Rail moves an estimated two-fifths of long-distance U.S. freight and one-third of exports. The stakes of a potential shut down were very high – particularly as there isn’t a ton of slack in the trucking sector. If you are an organization that relies on the timely movement of goods across the country or the globe, this close call underscores the importance of securing a third-party logistics partner with strong connections to reliable Cleveland trucking carriers who can help arrange alternative transport and delivery methods in the face of unexpected hurdles. And let’s face: Unexpected hurdles of all stripes are almost a given with global supply chains.
A rail strike and increased reliance on Cleveland trucking carriers would mean substantial delays and higher costs. But it’s worth noting that truckers are already responsible for carrying nearly three-fourths of the nation’s goods as it is.
If all of America’s 7,000 long-distance daily freight trains were brought to a halt, the American Trucking Associations estimates it would require some 460,000 additional long-haul trucks daily to meet the current demand. Although there is no longer a trucking shortage, there isn’t much of a surplus either.
As our Cleveland trucking carriers can explain, rail is a central component of our complex global supply chains, which rely on the carefully-coordinated movements of cargo ships, freight trains, and trucks. This is known as intermodal transportation, and it helps to effectively eases the movement of goods across air, sea, and land. Compromise one of those links in the supply chain, and there will be a near-immediate domino effect to the system – one that has already been under significant strain since the pandemic.
Still, rail is generally recognized as the weakest of the three intermodal supply chain links. It is less flexible in responding to demand surges and bottlenecks. Over the last five years, as carriers have sought to limit service to lower costs as part of a strategy known as Precision Scheduled Railroading, nearly a quarter of rail worker jobs have been slashed. Rail companies say the reconfiguration has been an effort to become more agile and responsive to supply chain demands and challenges.
There are 12 railroad unions that form the National Freight Rail Bargaining. This coalition uses its combined power to push for employee labor demands. The most recent disputes concerned matters like higher pay, better working conditions, more paid time off, and schedules that are more flexible. (Attendance policies in particular have been a huge point of contention.)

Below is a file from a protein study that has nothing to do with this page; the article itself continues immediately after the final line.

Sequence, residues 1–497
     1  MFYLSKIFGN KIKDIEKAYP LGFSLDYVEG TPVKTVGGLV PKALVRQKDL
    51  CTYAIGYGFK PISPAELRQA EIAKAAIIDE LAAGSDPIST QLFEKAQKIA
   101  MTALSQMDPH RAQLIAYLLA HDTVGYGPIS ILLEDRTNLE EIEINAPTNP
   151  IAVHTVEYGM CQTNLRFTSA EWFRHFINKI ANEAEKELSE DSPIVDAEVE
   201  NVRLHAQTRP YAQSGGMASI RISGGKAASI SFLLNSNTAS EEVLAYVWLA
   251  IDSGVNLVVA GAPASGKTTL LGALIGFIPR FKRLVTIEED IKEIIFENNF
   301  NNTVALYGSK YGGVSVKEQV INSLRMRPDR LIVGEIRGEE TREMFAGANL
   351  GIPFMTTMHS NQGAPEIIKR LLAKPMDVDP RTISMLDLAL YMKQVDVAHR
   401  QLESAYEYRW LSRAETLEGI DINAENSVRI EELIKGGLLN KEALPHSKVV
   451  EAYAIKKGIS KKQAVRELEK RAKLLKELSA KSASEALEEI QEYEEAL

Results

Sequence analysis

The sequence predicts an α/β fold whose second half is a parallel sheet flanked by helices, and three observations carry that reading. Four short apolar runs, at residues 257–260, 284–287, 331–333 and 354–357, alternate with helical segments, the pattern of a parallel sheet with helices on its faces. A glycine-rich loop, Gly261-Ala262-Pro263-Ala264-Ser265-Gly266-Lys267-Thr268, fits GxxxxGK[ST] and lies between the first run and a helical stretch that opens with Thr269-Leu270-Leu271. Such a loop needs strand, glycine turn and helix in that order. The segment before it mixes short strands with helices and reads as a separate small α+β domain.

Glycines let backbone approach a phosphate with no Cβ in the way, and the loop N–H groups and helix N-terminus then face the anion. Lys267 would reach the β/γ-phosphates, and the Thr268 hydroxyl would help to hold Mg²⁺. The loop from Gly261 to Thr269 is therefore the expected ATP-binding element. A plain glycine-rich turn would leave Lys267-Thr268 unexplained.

There hasn’t been a U.S. railroad strike 30 years – and the impacts of that one in 1992 were immediate and serious. It took only three days before Congress intervened and a new contract was brokered.
Negotiations for the current rail worker contract have been ongoing for three years. Recognizing the potential harm this might do, the White House and U.S. Labor Secretary stepped in, brokering a tentative agreement. However, it’s still not officially finalized, meaning our Cleveland trucking carriers are still gearing up for the possibility the deal could fall through. The new contract won’t become final until members review the terms and approve it with a ratification vote.
Still, companies might still want to prepare for setbacks just in case. Some retailers are already diverting Asian goods that typically come through West Coast ports to those on the East Coast, at places like Newark, Savannah, and Charleston. Cleveland trucking carriers’ routes frequently take them to-and-fro at these ports. The added demand could mean an uptick in trucking rates, but worth it for many organizations if it means their goods arrive in tact and on time.
If a rail strike were to still happen now or in the coming months, our Cleveland trucking and logistics experts opine it probably wouldn’t last long. Too many industries are too deeply invested, and the pressure to resolve matters quickly would be enormous. The government’s heavy-handed involvement at the final hour is further evidence of that. But even a short-lived strike could have wide ripple effects, so companies would do well to plan for that possibility.
If you are a Northeast Ohio firm that relies heavily on rail transport to move your import/export goods, diversifying your mode of transport and collaborating with a third-party logistics firm with trucking capabilities may improve the overall security of your supply chain.
For information on Trucking, 3PL, and Warehousing Services in Cleveland, Contact On Time Delivery & Warehouse by calling (440) 826-4630 or send us an email.
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Seasonal Cycles of Ohio Trucking Are Back, Per Cleveland Trucking Experts, July 20, 2022, Cleveland Trucking Blog